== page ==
Wednesday, May 14, 2014

Did Full Sail Land on WWE, or Did WWE Land on Full Sail? A Response to Voices of Wrestling

If Paige fails, it won't be because NXT didn't give her the tools to succeed
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Friend of the blog and co-auteur of Voices of Wrestling Rich Kraetsch wrote a look at the relationship between NXT and WWE. Citing Paige, Emma, and Adam Rose as examples, he made the argument that NXT might be failing WWE because it had become the one thing that the company had tried to distance itself from: an indie promotion. Right now, Rose and Emma at least are undeniably cold. Paige gets some reactions, but she's certainly not at the level expected of the savior of a flagging division.

In all cases, however, I might argue that extenuating circumstances on behalf of all the performers mitigate their underwhelming reactions from the crowd. None of them fit a single profile, but they all have solid reasons as to why they may not be lighting the world on fire. I'll tackle each individually, since the broad brush is not the appropriate tool to use here.

EMMA - Emma was doomed almost from the start. Her debut was inventive, but once she paired off with Santino Marella, the writers tied her to the offensive and predictable "wrestler's girlfriend" character. Emma in NXT was anything but an accessory to a man; as Brandon Stroud points out every week Emma appears on RAW, she had a nuanced persona that stood on her own. Even saddled with the exhausted trope of needing to be attached to a man, fans reacted to her when she wrestled. The Emma Lock, DilEMMA, and the EMMAmite Sandwich all got pops. Fans, as scattered as they may have been throughout various crowds, were ready to see women wrestlers evolve. Emma's failures are about as far from her fault as they can be, and they certainly can't be laid at the feet of her teachers and producers from NXT when their bosses in WWE ignored the entire template that made her successful in the first place.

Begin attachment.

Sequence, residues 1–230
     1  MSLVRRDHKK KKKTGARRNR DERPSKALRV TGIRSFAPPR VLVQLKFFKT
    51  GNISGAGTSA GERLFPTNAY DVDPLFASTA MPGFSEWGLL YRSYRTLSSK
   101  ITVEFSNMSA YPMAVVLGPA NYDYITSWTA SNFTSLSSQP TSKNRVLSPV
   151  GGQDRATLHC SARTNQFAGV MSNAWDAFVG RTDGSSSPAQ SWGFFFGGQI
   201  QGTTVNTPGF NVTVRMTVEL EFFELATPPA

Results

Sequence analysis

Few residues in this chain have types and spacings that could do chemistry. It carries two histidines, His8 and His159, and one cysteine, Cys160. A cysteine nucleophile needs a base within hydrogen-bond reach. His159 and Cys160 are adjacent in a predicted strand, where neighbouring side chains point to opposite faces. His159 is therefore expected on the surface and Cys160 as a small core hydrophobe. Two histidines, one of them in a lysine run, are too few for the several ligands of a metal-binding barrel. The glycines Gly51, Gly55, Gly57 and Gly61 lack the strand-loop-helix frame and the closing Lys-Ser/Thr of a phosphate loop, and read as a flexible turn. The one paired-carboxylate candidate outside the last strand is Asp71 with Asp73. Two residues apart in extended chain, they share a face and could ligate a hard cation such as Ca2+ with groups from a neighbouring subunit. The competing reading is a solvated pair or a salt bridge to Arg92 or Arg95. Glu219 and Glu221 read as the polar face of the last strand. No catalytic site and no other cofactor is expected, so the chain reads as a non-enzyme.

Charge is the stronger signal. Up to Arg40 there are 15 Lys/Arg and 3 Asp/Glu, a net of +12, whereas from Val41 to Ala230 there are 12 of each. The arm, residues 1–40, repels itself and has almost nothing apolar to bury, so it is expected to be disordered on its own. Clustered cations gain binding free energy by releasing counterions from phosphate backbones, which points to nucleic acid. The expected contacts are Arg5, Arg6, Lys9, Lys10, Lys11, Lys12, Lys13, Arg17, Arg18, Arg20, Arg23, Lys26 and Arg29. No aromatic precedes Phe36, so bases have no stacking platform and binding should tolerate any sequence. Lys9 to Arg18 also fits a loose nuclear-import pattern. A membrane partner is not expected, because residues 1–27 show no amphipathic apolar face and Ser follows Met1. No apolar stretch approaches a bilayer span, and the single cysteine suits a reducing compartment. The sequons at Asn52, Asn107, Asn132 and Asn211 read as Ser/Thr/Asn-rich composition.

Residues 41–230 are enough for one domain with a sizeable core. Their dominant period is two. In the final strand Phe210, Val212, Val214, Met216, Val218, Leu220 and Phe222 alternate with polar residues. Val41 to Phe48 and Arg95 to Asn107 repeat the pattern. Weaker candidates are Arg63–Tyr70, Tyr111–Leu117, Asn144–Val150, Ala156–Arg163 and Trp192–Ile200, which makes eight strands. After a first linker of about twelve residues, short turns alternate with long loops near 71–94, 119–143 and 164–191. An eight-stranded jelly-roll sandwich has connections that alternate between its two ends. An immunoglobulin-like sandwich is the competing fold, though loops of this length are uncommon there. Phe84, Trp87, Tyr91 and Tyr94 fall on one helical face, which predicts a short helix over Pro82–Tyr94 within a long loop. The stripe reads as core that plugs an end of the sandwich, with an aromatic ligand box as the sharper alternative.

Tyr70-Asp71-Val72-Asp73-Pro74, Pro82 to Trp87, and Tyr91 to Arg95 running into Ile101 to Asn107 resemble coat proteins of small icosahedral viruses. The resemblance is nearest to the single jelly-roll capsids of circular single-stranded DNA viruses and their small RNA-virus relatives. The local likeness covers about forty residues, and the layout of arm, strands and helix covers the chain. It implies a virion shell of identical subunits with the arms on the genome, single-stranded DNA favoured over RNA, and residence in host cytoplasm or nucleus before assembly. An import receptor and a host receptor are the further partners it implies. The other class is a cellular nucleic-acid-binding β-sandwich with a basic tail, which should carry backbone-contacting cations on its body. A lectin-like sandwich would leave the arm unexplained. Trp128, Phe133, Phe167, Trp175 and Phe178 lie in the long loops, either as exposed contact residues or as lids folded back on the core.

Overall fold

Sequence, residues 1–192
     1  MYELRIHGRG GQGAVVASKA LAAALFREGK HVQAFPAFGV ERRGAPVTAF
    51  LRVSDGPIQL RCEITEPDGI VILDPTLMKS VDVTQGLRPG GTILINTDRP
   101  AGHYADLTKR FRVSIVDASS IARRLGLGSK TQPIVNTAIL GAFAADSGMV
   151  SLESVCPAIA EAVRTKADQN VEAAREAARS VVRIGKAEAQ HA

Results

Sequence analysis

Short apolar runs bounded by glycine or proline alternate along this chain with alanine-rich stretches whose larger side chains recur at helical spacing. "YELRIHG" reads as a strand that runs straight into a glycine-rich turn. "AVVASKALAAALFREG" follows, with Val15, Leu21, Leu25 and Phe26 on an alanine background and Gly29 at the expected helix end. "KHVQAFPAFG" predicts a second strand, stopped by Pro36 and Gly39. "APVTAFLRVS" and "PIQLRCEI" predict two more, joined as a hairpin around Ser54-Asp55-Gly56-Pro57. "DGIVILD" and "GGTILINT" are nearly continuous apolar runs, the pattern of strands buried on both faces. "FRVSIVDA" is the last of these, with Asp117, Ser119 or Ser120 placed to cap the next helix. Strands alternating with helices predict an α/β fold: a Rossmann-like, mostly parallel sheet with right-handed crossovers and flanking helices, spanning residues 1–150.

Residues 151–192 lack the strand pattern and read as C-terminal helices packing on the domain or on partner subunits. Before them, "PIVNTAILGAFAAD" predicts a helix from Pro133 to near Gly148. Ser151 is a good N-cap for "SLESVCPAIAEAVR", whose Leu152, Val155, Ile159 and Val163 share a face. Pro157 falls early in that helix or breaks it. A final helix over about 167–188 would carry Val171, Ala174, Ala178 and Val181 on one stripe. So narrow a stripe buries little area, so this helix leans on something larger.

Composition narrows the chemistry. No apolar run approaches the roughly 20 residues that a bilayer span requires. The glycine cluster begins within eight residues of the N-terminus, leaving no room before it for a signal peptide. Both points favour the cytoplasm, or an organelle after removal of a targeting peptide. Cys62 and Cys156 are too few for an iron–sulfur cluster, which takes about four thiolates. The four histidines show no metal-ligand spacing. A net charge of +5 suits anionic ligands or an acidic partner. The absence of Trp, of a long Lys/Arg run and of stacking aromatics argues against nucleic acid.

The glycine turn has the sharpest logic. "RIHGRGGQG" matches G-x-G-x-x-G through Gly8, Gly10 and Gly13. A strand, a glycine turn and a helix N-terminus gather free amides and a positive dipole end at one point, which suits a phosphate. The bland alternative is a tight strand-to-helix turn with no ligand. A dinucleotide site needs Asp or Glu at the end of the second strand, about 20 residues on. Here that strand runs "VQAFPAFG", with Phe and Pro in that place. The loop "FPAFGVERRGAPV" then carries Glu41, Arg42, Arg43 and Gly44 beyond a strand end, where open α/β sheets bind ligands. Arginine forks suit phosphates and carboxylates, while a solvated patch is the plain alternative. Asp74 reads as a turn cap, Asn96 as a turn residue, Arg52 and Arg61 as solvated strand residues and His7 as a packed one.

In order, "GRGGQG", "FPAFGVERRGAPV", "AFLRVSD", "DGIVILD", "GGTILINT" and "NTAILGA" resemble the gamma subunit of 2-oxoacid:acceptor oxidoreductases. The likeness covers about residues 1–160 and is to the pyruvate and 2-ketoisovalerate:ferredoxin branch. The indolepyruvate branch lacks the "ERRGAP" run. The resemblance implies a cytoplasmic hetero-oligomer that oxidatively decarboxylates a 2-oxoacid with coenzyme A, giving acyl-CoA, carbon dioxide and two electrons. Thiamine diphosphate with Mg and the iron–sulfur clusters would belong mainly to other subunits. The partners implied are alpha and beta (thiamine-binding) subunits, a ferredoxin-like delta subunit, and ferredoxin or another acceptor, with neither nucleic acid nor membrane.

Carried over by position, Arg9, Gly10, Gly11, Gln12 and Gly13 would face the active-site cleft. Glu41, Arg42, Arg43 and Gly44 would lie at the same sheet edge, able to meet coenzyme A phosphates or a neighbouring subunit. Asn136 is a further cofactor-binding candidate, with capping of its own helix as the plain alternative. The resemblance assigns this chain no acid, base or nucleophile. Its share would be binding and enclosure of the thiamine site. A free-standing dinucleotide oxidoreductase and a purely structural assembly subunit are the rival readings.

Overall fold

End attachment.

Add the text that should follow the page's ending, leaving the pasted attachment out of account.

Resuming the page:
ADAM ROSE - I still feel that any verdict on Rose right now is premature. Not only is the character new to WWE, he was thrust into it within the calendar year of 2014 in NXT. Sure, the character is two-dimensional at best, at least as it's currently configured. But even the skewed crowd at Full Sail University didn't have the chance to see a second act like it did with every other character that made the main roster. Even Bo Dallas (who will receive the next referendum from the main show crowd) got long amounts of time with both his characters.

Still, the claim that Kraetsch made that the character is a "small room" persona, which I am not sure he, or anyone can make before seeing how it plays in a larger one. Wrestling is more art than science. If something works in front of one audience, the goal is to keep trying it in front of an increasingly larger one until it fails. Empirical knowledge is needed for any character, and the Aldous Snow party-boy gimmick is one that's relatively untested in a pro wrestling milieu. The gimmick needing more time to sink or swim may be a valid possibility.

PAIGE - Paige's assessment as a failure so far is the one that I disagree with most. If the goal is to pop the crowd and work solid matches on television, then she's done her job exceptionally well so far. Unless my ears deceive me, she gets the people reacting to her. In fact, for a 21 year-old who was thrust with the mantel of Champion for her division, she's performed above and beyond expectation from my point of view.

But if she's expected to be getting Daniel-Bryan-at-SummerSlam reaction from jump, however, then of course she's doomed to fail. She wasn't handed the keys to a new Porsche, ready to zoom around the neighborhood with no work or restriction. The Divas division is more a jalopy, one that needs more work than anyone is willing to admit to get on course. The focus is on promoting a reality show, characters are pigeonholed into sexist, one-dimensional templates, and the matches rarely get any kind of meaningful time on Main Event or Superstars, let alone RAW.